An aqueduct running across Kansas?
The idea may seem far-fetched at the moment, but the possibility is getting attention.
Late in January, the Kansas Water Authority received an updated version of a 1982 study that explored pumping excess water from a Missouri River reservoir near White Cloud, Kan., southwesterly to a storage facility in the area of Utica, Kan..
The authority accepted the study and said it would forward the findings to appropriate legislators. The authority recommended that work begin with other states in the river’s watershed on management and allocation of water.
“It was noted by Authority members the report doesn’t address several key questions, such as the financial, legal, cultural and environmental impacts of the plan,” an authority statement said.
Supporters of an aqueduct point out that the facility is needed for a new source of water as the level of the Ogallala Aquifer falls. The aquifer is an integral part of Kansas agriculture, one of the state’s most important industries.
“Kansas needs to secure the water today to sustainably meet the demands that exist today and that will be there 20-30 years from now, when a water transportation project could be completed,” explained Mark Rude.
Rude is the executive director of Southwest Kansas Groundwater Management District No.3, based in Garden City. He said his organization was one of the contributors for the $300,000 updated study, along with the U.S. Corps of Engineers and the state of Kansas.
“Loss of water supply,” he said, “would create an inevitable dramatic economic loss to western Kansas, the Kansas economic future, and national food security as a whole.”
An analysis by researchers at Kansas State University in 2013 showed that the part of the aquifer that flows beneath Kansas would be depleted at the current rate of usage by about 2060.
As envisioned by aqueduct proponents, water would be transferred in a 360-mile long, concrete-lined open channel with as many as 15 pumping stations. Construction would cost an estimated $18 billion and it would take another $1 billion a year for operations and other expenses.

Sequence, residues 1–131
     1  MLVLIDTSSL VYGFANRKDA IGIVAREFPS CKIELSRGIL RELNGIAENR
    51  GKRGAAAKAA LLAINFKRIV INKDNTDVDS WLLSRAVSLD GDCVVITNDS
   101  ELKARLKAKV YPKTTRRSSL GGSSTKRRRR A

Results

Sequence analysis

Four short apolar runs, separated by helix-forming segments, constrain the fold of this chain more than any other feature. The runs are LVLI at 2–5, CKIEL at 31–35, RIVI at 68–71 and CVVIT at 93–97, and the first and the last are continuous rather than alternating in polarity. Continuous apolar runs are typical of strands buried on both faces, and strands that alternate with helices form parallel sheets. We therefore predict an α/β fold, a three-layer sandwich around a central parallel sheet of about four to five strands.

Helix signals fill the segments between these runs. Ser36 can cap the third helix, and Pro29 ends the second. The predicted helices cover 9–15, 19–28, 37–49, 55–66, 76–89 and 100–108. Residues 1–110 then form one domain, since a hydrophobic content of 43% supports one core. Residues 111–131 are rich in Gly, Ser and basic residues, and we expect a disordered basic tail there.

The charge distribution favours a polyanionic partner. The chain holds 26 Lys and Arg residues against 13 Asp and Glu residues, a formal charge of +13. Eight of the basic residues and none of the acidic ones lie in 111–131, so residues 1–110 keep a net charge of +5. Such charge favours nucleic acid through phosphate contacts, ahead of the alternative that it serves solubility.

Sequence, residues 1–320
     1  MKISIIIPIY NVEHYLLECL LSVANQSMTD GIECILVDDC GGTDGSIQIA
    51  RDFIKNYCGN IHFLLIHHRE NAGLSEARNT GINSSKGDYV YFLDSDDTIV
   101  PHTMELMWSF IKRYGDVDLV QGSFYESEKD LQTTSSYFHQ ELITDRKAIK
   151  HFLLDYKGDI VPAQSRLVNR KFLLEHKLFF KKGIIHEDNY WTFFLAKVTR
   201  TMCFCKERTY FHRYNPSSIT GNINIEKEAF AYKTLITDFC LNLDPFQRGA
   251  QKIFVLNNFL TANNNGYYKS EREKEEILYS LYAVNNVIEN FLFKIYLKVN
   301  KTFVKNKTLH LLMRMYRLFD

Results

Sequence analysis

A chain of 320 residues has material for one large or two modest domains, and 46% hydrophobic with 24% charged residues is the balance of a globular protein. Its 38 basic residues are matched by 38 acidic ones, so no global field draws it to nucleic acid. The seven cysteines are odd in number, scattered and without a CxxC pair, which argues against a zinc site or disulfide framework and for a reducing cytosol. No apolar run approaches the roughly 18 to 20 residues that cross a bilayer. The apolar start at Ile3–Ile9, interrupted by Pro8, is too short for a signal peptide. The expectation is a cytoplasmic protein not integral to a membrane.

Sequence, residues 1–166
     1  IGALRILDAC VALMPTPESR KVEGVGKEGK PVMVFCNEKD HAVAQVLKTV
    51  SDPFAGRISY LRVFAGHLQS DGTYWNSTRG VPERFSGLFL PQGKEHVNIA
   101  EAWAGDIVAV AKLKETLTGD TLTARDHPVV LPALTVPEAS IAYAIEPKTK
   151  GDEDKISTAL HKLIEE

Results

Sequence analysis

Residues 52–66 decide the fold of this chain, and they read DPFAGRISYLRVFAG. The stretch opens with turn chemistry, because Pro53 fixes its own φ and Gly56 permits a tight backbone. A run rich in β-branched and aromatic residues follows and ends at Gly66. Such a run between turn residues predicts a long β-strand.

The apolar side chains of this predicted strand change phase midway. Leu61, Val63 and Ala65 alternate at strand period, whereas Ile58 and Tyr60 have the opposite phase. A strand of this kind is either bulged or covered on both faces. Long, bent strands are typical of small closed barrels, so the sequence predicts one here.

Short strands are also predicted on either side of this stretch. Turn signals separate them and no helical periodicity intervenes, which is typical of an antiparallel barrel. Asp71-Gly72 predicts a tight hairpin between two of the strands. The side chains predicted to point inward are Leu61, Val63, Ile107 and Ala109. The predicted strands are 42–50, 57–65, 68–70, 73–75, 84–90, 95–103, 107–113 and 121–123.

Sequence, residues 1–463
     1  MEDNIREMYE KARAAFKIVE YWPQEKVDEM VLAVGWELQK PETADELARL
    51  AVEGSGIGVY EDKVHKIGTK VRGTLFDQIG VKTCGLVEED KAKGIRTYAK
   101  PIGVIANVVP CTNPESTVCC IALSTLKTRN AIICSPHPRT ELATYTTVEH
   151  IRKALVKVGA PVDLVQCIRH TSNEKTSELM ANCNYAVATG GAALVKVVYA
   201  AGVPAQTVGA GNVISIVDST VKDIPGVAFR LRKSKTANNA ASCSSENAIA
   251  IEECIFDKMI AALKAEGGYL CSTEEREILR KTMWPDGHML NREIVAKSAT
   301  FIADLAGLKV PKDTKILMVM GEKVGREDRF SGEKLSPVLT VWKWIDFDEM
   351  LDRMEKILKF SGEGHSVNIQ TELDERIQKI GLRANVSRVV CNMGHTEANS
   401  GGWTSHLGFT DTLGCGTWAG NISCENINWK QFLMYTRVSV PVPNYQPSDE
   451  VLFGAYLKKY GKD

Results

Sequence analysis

The stage for opposition seemed to be set by Missouri Gov. Jay Nixon, whose state is among several in the watershed. He took the opportunity in his recent State of the State address to denounce the proposal as “hare-brained.”
The feasibility of the project is in question. Opponents also suggest that more drought-resistant plants should be developed in western Kansas.
There are many bureaucratic hurdles to clear, including approval by federal and state agencies and dealing with American Indian tribal rights in Doniphan County, in northeast Kansas, where the water would be withdrawn.
Aqueducts date to ancient times. Currently there are numerous aqueducts around the world, including some in the United States. They are used in this country mainly for farm irrigation, industry and drinking water for cities. Among them are one that serves southern California and another that pipes water to Phoenix and Tucson in Arizona.
Officials at Johnson County Water District No. 1, which draws part of its supply from the Missouri, said the district does not take a position on the aqueduct and that the district would not be directly affected.
As Kansans though, we should take a close look at this proposal.
Freelance columnist Bob Sigman, a former member of The Star’s Editorial Board, writes monthly.